Boston Bruins 53rd pick in the 2017 NHL entry draft is Michael Dipietro from the Windsor Spitfires of the Ontario Hockey League

image

(Photo Credit: Adrian Wyld, The Canadian Press)

The knock on Dipietro is that he is short and at 6-0 for a goalie, I guess you can say that with the goaltenders nowadays in the league. I have never believed a goalie has to be tall to succeed in the NHL, and the Bruins own Tim Thomas who backstopped us to a Stanley Cup Championship is a prime example of that. Thomas came in a 5’11 but played like he was Zdeno Chara’s size. Dipietro knows how to win big games as well, his Spitfires won the Memorial Cup Championship this year and he was 4-0 with a 2.00 GAA and a .932 SV%. His coach Rocky Thomspon said, “When we make mistakes we have a great goaltender who can make a save for us.” This season he tied a Spitfires franchise record with a GAA of 2.35 for the season and set the shutout record with six. Three of the shutouts were in a row, and he stood on his head all three games. He has a strong mental focus and plays big for his size. He grew up idolizing Johnathan Quick from the Los Angeles Kings and has quick reflexes like him as well. Boston is a hard city to play in for some players, and the pressure can get to some.

” I like that I can be a game changer, a factor, I love the pressure,” said Dipietro.

He played for team Canada at the Ivan Hilinka Tournament this year and had a .920 SV%. He has been invited to camp as well for the Canadian World Junior team, and if the NHL players don’t go to the Olympics, he might represent his country there. I want the Bruins to select a goalie in the second round because it’s a strong draft for goaltenders this year and goaltending prospect haven’t worked out lately, and it’s time to refill the cupboard. My hope when Don Sweeney announces their second round pick, he calls the name of Michael Dipietro.

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PuckNerd: My Bruins Picks for the 2017 NHL Draft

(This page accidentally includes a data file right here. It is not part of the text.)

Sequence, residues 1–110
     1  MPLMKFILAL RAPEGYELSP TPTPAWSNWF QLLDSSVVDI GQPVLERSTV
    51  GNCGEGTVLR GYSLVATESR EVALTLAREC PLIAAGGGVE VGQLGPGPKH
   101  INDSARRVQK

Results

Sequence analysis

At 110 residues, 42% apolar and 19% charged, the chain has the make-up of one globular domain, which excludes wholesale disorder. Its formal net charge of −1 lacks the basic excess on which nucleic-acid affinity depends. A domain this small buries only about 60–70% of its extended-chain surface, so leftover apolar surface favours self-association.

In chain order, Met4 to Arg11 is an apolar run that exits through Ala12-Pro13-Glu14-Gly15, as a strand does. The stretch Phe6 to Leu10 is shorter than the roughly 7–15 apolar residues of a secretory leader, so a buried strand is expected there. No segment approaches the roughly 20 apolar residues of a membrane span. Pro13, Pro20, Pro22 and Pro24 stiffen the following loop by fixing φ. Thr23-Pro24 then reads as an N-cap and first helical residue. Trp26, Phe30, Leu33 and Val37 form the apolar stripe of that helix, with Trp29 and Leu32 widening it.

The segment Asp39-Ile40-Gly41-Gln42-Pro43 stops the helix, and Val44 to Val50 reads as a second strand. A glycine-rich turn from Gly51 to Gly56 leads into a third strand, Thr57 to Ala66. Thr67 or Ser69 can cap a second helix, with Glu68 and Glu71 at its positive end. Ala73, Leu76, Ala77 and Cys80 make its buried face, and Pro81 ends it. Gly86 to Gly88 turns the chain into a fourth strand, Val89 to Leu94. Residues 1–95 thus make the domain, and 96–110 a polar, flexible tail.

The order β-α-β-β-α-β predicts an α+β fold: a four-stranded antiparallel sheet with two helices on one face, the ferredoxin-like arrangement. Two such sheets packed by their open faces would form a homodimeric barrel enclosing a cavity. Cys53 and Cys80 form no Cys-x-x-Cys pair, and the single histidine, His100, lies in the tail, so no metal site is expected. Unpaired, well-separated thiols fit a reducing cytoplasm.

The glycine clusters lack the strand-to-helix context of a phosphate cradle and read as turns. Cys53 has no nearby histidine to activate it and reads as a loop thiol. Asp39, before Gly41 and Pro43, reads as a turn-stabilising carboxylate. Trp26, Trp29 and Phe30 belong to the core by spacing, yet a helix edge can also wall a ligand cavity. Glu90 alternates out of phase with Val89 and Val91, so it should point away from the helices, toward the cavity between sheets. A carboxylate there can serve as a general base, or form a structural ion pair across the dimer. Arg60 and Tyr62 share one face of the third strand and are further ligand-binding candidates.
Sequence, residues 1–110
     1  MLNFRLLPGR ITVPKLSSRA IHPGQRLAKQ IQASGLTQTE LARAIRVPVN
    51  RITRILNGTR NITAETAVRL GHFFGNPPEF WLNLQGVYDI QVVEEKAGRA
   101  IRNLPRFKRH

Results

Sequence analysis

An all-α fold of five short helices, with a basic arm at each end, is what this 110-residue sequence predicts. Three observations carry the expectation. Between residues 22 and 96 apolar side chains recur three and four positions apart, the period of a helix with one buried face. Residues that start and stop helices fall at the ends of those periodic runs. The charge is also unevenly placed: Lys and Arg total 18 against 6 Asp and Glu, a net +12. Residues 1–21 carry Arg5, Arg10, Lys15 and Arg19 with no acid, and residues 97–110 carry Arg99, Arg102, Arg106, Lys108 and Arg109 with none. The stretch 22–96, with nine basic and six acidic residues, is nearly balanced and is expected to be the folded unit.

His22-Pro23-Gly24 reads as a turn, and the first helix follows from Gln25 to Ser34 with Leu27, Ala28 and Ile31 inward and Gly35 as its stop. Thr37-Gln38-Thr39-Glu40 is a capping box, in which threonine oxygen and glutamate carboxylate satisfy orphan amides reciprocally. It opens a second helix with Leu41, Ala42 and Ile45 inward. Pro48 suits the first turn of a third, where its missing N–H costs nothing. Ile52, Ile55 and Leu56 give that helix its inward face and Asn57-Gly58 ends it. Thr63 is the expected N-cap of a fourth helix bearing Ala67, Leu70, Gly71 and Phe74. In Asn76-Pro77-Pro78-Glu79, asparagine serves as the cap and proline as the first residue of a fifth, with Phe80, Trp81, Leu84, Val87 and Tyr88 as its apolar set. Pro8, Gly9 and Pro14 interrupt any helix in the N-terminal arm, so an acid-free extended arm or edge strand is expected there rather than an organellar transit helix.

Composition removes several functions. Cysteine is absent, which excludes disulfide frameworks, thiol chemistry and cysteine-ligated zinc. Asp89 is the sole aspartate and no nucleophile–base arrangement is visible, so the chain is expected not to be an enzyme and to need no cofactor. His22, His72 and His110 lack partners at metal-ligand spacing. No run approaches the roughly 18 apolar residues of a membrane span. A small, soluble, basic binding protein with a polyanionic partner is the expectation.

Photo Credits: Michigan Hockey Now (Left) and Mile High Sticking (Right)

By: Spencer Fascetta                    Twitter:  @PuckNerdHockey

So, has everybody been able to recover after last night’s Expansion Draft? Well, too bad! It’s Draft Time! This is quite literally my favorite time of year, so I thought I’d provide some insight into who the Bruins will take in one of the wildest draft years in recent history. I want to start with a disclaimer – while this draft likely does not have a generational talent in the mold of Auston Matthews or Connor McDavid, this is by no means a weak draft. In fact, it seems to be one of the deeper ones in recent memory, as there is a tremendous amount of uncertainty and possible fluidity between picks 11 and 60. This causes quite a bit of trouble when attempting to project who will be taken at a specific pick within that range. Both players I will be discussing fall between the Bruins’ first two picks (18 and 53) in consensus rankings. Now, with that out of the way…

 

In the First Round, at 18th Overall, the Boston Bruins are proud to select from the US National Team Development Program in the USHL, center Joshua Norris.

Photo Credits: US National Team Development Program

Norris has been a curious prospect all year. He has been praised for his two-way acumen – something that we know this Boston regime covets in their offensive picks. This is not why I think he makes a lot of sense, however. First of all, I would like you to all look at the Bruins’ prospect depth chart in the middle of the ice… Jakob Forsbacka Karlsson, and that’s it. I don’t particularly like drafting for need, but David Krejci and Patrice Bergeron are both 31, and David Backes is 33. Someone eventually is going to need to play center for this team.

Norris’ primary asset is the one that I covet the most in a young player – Hockey IQ. This is the one skill (apart from height) that you cannot teach. Either a player has it, or they don’t. Players who think the game at a higher level can find ways to outperform their potential shortcomings, whereas a player who relies solely on their physical abilities can sometimes crash and burn at the next level when, suddenly, everyone else has the same physical abilities. Norris is more quick than purely fast at 6’1”, 192 lbs, but is not slow by any means, and will head to the University of Michigan next fall. He also wore a letter at the USNTDP program this year, which shows that he is a high character individual. He put up 60 points in 61 games this past year and provides a wicked wrist shot and unabashed ferocity in the middle of the ice. Oh, and he also obliterated the NHL Combine. So, on top of his high-end hockey IQ, he clearly has the physical abilities to be successful at the next level. I see him as a potential Top 6 centerman when the current roster begins to be phased out due to age, and since he will be attending Michigan for at least next season, they can afford to allow him to develop until he is actually ready to step into the lineup.

With their second pick, 53rd Overall, the Boston Bruins select from Brynäs IF of the Swedish Elite League, forward Jesper Boqvist.

Photo Credits: OilersNation